Friday, April 18, 2014

150 Years Ago: The Engagement at Poison Spring

Today is the sesquicentennial of the engagement at Poison Spring that was a disaster for the 1,170 man Union force. A startling 17.4% (204) of the force was killed in action at the battle with more than half being members of the 1st Kansas Colored Volunteers. By contrast, total reported Confederate casualties were 115.

By mid-April 1864, Major General Frederick Steele’s men were desperate for food “having been on half-rations for three weeks” according to Gregory J. W. Urwin (p. 109). A forage train, accompanied by an escort, was sent west of Camden, Arkansas, to collect supplies. Near Poison Spring, a Confederate force numbering 3,621 men attacked the wagon train and the escort. Comprised of Arkansas, Missouri, Texas, and Choctaw soldiers, the Confederates launched three assaults before their superior numbers broke the Union line. The 29th Texas Cavalry particularly targeted the 1st Kansas Colored Infantry. These two regiments had gone toe to toe at the battle of Honey Springs in July 1863 with the 1st Kansas Colored inflicting significant casualties on the Texans there. According to Gregory Urwin, though, “The Choctaw brigade, which had shown little stomach for combat that day, outdid all other Confederate units in the post-battle butchery” at Poison Spring (p. 125). A number of atrocities occurred after the battle with the 1st Kansas Colored losing 117 killed; this ranks as one of the highest losses by a Union infantry regiment during the war. Additionally, 65 soldiers of the 1st Kansas Colored were wounded during (and after) the battle. Also hard hit was the 18th Iowa Infantry with 59 killed and 21 wounded men.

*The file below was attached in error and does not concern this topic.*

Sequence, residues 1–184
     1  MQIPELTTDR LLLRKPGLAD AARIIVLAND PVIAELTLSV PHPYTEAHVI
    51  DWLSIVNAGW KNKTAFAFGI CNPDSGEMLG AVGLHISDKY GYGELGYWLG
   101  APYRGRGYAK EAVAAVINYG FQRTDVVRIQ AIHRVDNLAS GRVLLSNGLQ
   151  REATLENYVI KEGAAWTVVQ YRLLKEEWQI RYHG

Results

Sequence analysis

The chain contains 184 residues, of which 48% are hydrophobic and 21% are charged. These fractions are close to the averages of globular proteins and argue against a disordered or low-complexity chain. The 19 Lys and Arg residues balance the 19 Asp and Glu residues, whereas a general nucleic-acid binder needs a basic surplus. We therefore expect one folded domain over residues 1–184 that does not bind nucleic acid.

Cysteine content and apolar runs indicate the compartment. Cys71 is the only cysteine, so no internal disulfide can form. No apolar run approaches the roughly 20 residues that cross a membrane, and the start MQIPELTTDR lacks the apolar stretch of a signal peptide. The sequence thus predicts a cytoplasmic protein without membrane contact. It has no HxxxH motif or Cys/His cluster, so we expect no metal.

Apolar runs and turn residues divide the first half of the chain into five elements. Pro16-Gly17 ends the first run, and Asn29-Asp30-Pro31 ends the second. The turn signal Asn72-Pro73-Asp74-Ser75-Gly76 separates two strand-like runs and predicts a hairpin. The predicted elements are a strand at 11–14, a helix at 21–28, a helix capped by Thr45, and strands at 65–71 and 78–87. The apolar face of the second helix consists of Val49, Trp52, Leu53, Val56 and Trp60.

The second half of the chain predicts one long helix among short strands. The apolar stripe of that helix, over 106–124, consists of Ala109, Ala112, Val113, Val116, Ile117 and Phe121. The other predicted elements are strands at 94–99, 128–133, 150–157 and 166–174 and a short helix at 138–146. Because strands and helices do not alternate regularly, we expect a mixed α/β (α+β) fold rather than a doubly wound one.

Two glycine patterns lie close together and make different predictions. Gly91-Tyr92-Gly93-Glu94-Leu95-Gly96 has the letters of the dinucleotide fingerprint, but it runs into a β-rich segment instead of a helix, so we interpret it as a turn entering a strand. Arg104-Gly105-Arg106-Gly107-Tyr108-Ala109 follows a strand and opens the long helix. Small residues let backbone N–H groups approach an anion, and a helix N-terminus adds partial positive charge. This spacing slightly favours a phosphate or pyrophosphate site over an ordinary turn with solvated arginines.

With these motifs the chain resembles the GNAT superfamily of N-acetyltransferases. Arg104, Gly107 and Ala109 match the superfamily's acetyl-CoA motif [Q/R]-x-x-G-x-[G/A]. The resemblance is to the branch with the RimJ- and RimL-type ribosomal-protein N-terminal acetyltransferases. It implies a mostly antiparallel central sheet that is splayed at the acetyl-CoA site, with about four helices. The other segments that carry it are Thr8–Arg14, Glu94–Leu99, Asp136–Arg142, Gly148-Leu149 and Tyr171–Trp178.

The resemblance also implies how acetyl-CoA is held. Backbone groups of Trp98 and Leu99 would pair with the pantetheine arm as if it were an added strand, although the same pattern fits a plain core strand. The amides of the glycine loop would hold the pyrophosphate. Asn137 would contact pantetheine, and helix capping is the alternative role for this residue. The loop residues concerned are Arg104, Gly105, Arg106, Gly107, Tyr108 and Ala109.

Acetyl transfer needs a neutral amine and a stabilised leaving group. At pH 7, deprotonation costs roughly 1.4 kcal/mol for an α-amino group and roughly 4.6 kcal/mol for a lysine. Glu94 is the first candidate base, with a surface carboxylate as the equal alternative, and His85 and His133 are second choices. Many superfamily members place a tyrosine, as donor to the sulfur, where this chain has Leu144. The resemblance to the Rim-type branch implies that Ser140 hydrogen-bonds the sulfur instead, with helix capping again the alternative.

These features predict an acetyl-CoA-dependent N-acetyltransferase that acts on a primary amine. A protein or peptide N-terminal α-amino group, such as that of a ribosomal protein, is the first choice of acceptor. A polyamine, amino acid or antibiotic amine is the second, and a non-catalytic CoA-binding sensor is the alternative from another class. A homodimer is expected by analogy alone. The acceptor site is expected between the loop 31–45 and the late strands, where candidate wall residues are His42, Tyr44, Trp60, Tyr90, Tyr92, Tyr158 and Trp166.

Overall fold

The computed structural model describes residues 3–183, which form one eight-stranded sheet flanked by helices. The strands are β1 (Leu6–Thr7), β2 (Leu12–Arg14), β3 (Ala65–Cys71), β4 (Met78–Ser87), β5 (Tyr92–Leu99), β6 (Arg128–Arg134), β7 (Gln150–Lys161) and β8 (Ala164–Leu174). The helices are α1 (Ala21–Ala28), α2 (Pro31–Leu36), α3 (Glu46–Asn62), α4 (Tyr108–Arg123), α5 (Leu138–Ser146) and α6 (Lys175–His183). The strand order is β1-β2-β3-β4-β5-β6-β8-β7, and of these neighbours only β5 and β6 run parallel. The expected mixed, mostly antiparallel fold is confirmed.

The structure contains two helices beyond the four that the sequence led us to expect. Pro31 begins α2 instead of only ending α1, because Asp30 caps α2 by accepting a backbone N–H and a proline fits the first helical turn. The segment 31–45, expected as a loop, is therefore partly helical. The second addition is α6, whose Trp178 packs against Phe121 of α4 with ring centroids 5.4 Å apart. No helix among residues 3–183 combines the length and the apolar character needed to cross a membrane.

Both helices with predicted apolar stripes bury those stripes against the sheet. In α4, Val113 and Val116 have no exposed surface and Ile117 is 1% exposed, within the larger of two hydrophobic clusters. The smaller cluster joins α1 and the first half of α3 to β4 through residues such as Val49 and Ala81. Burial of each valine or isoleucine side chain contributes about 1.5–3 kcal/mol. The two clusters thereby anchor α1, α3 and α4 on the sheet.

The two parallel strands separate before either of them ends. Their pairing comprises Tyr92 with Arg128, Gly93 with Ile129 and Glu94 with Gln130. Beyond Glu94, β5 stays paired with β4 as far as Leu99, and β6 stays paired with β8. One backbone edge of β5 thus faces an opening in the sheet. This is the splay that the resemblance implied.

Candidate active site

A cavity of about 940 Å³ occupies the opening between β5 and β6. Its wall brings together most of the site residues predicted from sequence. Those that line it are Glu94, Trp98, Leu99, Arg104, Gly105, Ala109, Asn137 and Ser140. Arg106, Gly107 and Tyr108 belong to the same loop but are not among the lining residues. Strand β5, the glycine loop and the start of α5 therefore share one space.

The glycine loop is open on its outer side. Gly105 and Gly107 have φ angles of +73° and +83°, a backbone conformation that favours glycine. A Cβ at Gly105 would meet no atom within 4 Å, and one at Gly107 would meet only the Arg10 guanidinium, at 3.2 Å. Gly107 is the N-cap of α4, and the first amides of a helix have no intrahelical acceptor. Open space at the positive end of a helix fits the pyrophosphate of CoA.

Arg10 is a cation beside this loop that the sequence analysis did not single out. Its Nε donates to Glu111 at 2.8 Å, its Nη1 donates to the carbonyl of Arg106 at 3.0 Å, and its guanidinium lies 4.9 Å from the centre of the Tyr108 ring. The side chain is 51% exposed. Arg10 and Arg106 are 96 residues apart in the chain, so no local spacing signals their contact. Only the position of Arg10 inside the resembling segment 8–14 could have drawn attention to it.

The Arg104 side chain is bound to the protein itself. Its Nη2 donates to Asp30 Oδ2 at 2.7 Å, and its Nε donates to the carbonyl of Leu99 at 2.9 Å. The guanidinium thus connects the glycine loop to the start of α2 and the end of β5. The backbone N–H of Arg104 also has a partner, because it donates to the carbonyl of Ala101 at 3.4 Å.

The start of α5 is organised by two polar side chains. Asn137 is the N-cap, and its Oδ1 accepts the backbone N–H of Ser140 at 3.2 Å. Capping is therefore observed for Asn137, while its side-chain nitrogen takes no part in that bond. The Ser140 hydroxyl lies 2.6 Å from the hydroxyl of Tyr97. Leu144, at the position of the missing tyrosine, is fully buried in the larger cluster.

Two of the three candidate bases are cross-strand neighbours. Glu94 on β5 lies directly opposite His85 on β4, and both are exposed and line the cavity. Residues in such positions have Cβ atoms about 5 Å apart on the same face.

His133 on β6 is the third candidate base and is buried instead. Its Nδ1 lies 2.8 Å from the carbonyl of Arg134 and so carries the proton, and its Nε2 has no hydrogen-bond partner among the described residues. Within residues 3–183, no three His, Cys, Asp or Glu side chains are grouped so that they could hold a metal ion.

Quotes are from “Poison Spring and Jenkins’ Ferry: Racial Atrocities during the Camden Expedition” in “’All Cut to Pieces and Gone to Hell’: The Civil War, Race Relations, and the Battle of Poison Spring edited by Mark K. Christ.

Next posting: an author interview with historian Chris Wehner!

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